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Robin Boyd wrote: View Post
And this is a good thing? Call me power hungry if you will, but I thought the whole point was to transfer power from him to me.
What I mean by the 'transference of power' is the idea that I can transfer power to uke in order to adversely affect his intention to attack such that I can execute a throw or otherwise immobilize him. I would rather that the reverse transference from him to me not take place for obvious reasons.

Ron

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Old 01-23-2014, 08:00 AM   #11
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Re: Leading your uke?

Quote:
Ron Ragusa wrote: View Post
By "it" I assume you mean uke's motion. Perhaps an analogy will help. Imagine a horse, a cart, a carrot, some string and a stick.Now in order to get the horse to move the cart I have to hang the carrot from the stick using the string and dangle it in front of the his nose. The horse, though, has a mind of his own and will often change direction with no warning. If he loses sight of the carrot he will stop.In order to keep the horse moving I have to make sure he can always see the carrot so I have to simultaneously stay slightly ahead of his motion (lead) while following where he goes.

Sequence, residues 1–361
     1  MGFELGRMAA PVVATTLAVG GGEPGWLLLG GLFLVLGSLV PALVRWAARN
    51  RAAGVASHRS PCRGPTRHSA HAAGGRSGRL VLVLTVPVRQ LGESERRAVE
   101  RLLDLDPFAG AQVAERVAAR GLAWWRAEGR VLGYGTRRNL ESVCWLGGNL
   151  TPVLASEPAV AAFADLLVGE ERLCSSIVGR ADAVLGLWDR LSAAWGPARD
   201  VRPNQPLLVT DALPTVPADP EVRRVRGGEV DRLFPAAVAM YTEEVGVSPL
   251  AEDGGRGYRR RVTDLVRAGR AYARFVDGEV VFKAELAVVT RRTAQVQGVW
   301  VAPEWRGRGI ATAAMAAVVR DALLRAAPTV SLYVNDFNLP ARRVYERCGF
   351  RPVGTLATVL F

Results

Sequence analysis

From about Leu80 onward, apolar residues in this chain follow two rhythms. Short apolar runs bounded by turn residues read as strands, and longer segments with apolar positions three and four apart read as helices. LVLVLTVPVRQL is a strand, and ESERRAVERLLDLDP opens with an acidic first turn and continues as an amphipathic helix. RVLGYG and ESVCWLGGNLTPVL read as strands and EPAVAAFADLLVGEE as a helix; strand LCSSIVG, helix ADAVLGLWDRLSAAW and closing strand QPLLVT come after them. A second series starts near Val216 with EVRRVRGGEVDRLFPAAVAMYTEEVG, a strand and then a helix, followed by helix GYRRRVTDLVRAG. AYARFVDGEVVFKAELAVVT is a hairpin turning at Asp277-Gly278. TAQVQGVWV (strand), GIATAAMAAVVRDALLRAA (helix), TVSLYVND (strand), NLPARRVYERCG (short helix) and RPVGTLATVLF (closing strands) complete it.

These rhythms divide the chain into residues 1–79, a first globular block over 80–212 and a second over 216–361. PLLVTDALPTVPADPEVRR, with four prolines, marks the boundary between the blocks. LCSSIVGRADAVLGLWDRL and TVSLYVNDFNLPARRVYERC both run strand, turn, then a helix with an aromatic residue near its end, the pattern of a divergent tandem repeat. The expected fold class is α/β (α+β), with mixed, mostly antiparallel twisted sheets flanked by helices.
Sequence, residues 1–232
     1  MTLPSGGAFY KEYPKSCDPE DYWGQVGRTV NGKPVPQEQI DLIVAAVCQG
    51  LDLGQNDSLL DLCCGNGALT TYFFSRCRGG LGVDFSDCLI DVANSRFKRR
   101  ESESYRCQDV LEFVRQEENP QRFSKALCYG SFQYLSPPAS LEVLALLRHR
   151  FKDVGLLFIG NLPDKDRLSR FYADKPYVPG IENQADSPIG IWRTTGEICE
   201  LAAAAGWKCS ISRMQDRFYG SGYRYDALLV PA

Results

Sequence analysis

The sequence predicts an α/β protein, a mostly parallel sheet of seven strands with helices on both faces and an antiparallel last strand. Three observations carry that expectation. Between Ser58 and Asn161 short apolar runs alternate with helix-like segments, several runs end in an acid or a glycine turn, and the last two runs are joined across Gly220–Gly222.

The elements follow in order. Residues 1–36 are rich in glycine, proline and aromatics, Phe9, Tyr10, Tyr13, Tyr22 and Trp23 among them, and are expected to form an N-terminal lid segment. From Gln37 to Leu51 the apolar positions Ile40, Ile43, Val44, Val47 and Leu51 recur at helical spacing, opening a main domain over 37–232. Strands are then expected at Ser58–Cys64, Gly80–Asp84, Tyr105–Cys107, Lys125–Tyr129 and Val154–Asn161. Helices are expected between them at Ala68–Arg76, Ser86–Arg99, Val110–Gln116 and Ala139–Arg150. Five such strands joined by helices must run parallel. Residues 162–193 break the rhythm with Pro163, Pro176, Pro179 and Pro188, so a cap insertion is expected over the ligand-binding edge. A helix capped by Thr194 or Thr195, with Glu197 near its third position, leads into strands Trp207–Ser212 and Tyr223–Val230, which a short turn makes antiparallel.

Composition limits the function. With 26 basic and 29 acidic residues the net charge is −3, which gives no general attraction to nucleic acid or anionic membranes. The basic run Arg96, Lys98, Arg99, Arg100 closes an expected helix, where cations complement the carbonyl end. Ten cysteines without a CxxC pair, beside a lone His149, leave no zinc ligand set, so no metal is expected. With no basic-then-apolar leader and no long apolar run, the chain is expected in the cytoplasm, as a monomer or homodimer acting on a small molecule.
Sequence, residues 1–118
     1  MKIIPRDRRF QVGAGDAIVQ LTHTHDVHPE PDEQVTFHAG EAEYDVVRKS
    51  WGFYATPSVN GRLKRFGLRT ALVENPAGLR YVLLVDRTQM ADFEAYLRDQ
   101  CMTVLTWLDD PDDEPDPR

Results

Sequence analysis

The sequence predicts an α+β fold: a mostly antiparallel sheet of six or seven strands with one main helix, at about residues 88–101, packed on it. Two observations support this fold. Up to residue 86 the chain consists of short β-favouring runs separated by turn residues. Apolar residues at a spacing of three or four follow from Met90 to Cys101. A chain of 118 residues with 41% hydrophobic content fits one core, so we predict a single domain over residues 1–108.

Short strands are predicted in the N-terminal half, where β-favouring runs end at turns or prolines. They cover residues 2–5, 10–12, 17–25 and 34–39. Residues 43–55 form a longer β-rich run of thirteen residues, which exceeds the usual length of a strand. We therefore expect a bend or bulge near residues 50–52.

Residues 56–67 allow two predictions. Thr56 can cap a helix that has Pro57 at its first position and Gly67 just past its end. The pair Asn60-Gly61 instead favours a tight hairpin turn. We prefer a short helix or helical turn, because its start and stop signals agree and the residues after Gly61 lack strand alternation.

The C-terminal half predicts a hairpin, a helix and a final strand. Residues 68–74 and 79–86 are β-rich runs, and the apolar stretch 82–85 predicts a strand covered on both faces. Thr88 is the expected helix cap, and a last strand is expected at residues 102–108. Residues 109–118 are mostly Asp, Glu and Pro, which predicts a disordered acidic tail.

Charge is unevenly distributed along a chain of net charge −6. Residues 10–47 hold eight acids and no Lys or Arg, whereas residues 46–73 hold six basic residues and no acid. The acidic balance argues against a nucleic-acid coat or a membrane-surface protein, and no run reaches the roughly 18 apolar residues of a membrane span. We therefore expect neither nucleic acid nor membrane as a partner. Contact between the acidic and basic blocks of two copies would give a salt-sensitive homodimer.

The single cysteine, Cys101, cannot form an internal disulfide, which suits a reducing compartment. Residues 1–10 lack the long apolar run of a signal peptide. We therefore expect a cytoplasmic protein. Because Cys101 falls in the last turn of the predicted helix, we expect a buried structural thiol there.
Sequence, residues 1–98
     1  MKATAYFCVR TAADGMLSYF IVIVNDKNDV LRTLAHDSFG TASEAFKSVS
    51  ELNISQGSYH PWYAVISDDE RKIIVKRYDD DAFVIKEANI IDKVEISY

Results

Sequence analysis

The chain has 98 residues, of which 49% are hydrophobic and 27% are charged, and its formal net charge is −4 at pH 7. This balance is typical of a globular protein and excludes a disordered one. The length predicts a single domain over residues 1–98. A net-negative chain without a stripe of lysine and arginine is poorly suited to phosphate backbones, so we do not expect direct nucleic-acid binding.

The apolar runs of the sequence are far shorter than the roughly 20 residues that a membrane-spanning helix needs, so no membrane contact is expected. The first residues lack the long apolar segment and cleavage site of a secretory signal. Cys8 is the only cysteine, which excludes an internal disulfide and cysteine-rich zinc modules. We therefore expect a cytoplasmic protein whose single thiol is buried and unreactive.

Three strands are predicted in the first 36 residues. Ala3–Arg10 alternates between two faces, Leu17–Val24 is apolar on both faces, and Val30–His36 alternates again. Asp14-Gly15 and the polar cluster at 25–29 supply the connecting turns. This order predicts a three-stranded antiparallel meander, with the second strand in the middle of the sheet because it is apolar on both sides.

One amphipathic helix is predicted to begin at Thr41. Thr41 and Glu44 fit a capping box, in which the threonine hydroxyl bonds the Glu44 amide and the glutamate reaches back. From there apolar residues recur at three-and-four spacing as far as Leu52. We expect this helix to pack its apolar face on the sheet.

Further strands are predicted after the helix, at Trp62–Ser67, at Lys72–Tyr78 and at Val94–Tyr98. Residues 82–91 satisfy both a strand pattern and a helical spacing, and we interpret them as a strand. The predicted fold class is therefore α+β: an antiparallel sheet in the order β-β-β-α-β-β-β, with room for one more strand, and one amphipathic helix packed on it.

Ron
It seems to me that this will only work so long as uke decides to do what you want, on his own, in a dojo. This fails when you're actually fighting someone smarter than a horse. As for myself, I prefer to be in a position where the person has no choice but to move with me (not me moving with him), using connection.
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Old 01-23-2014, 08:57 AM   #12
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Ai symbol Re: Leading your uke?

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Joshua Landin wrote: View Post
It seems to me that this will only work so long as uke decides to do what you want, on his own, in a dojo. This fails when you're actually fighting someone smarter than a horse. As for myself, I prefer to be in a position where the person has no choice but to move with me (not me moving with him), using connection.